In recent years, cognitive scientists have shown that a few simple techniques can reliably improve what matters most: how much a student learns from studying.
The findings can help anyone, from a fourth grader doing long division to a retiree taking on a new language. But they directly contradict much of the common wisdom about good study habits, and they have not caught on.
Neurologist Oliver Sacks explains Charles Bonnet syndrome (pronounced sharls bon-A) a type of visual hallucination that affects 10% of visually impaired people. About 10% of hearing-impaired people get auditory hallucinations (most commonly music) for similar neurological reasons. Most are afraid … Continue reading →
Recently I have been dealing with a cancerous breast lump. I had surgery in December, and started chemotherapy a few days ago. At this point my prognosis is good, and I am doing well.
Using my NLP and hypnosis skills to deal with cancer
As you can imagine, throughout my diagnosis and treatment, I have been using my NLP and hypnosis skills to:
Accept my situation, and deal with it resourcefully and proactively.
Keep my perspective. While I am dealing with a potentially life-threatening illness, in the present I’m in good health, and better off than millions of other people. Including many people I’ve personally met.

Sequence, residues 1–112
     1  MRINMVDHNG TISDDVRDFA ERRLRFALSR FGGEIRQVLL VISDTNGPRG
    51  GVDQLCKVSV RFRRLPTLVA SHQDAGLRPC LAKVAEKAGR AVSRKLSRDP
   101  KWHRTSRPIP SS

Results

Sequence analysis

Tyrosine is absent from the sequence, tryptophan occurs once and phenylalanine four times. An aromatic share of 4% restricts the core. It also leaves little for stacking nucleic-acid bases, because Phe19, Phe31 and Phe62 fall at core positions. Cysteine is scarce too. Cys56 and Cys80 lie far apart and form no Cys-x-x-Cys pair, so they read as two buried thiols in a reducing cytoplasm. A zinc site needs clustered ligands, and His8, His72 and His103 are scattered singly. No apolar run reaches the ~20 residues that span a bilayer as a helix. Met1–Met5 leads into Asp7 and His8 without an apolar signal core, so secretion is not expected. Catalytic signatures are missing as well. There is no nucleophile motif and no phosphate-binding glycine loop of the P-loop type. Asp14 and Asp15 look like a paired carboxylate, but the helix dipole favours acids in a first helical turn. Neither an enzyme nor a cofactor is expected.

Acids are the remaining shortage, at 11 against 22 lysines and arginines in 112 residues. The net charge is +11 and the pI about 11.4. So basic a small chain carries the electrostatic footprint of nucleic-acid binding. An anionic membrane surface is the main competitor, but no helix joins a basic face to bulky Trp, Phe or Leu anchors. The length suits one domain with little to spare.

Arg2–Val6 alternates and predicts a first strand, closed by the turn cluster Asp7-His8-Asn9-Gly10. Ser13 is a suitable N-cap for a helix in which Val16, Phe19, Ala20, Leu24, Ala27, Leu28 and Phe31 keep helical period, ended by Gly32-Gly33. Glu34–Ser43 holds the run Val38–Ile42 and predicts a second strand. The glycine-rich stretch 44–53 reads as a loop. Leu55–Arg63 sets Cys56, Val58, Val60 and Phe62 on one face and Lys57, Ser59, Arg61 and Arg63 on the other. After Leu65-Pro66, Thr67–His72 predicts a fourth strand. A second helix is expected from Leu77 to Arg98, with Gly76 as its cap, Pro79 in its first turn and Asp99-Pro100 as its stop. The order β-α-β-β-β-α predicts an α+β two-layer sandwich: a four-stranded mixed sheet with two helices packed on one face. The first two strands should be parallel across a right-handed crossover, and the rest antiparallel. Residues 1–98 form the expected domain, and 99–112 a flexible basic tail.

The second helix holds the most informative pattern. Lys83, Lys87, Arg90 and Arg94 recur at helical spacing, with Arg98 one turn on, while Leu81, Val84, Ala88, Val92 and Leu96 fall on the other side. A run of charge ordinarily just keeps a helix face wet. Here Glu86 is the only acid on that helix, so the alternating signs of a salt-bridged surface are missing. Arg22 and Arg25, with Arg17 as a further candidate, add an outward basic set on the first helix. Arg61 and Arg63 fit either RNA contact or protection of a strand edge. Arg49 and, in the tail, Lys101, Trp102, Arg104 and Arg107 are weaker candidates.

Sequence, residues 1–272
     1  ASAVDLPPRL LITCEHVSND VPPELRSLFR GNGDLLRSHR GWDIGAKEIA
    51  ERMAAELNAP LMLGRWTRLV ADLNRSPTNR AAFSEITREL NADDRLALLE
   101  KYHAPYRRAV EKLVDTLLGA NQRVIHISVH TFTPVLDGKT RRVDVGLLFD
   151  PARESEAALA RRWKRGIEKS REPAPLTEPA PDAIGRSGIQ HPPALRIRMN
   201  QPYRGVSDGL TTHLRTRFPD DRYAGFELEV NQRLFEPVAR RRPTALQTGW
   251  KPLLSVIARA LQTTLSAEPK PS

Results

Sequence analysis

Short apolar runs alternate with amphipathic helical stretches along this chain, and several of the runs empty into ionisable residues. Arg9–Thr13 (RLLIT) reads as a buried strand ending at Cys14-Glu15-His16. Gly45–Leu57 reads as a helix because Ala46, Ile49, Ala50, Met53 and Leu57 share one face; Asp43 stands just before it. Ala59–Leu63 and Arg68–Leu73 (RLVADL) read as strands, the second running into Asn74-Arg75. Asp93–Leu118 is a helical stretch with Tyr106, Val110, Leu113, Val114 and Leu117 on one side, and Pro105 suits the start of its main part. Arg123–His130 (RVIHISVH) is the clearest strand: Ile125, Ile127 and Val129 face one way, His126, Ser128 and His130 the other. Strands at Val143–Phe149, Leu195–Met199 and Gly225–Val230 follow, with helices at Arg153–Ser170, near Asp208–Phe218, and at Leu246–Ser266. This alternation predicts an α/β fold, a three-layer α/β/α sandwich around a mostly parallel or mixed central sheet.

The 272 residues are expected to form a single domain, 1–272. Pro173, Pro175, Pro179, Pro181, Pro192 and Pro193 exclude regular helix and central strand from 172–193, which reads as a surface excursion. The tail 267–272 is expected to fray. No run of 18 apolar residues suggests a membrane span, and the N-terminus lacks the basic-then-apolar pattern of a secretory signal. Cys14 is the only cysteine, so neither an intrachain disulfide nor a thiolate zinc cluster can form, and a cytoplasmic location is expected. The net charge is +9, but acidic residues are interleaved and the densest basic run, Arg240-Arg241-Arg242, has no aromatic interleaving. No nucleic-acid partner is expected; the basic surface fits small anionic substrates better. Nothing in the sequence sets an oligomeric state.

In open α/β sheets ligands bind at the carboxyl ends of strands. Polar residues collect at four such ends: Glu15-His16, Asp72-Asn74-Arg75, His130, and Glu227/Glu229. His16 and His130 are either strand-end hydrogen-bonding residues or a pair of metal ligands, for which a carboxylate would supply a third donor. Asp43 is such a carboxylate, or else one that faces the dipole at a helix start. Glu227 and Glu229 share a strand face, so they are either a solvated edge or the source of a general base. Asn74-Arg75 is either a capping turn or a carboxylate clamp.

Manage my internal states, so that I am consistently resourceful almost all the time, in a good mood, and mostly happy. Rather than staying in unresourceful and unpleasant states, I have taught myself to automatically pop out them after a short time.
Researchers from Purdue University recently discovered that visual perceptions change depending on how well people perform a goal-oriented task:
Missed kicks make brain see smaller goal post
Flubbing a field goal kick doesn’t just bruise your ego — new research shows it may actually change how your brain sees the goal posts.
In a study of 23 non-football athletes who each kicked 10 field goals, researchers found that players’ performance directly affected their perception of the size of the goal: After a series of missed kicks, athletes perceived the post to be taller and more narrow than before, while successful kicks made the post appear larger-than-life.